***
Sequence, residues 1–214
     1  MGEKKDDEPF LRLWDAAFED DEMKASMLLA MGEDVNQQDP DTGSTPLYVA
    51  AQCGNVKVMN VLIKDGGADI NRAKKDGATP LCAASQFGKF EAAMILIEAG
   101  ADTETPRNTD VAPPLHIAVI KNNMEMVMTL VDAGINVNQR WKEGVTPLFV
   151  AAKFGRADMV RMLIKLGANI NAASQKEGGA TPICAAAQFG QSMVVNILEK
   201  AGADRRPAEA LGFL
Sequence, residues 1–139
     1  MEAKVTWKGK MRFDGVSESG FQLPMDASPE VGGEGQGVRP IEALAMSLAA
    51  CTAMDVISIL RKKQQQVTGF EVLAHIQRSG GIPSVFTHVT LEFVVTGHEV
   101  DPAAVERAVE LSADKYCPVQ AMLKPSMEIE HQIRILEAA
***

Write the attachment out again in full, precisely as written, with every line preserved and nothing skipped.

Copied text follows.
Sequence, residues 1–214
     1  MGEKKDDEPF LRLWDAAFED DEMKASMLLA MGEDVNQQDP DTGSTPLYVA
    51  AQCGNVKVMN VLIKDGGADI NRAKKDGATP LCAASQFGKF EAAMILIEAG
   101  ADTETPRNTD VAPPLHIAVI KNNMEMVMTL VDAGINVNQR WKEGVTPLFV
   151  AAKFGRADMV RMLIKLGANI NAASQKEGGA TPICAAAQFG QSMVVNILEK
   201  AGADRRPAEA LGFL
Sequence, residues 1–139
     1  MEAKVTWKGK MRFDGVSESG FQLPMDASPE VGGEGQGVRP IEALAMSLAA
    51  CTAMDVISIL RKKQQQVTGF EVLAHIQRSG GIPSVFTHVT LEFVVTGHEV
   101  DPAAVERAVE LSADKYCPVQ AMLKPSMEIE HQIRILEAA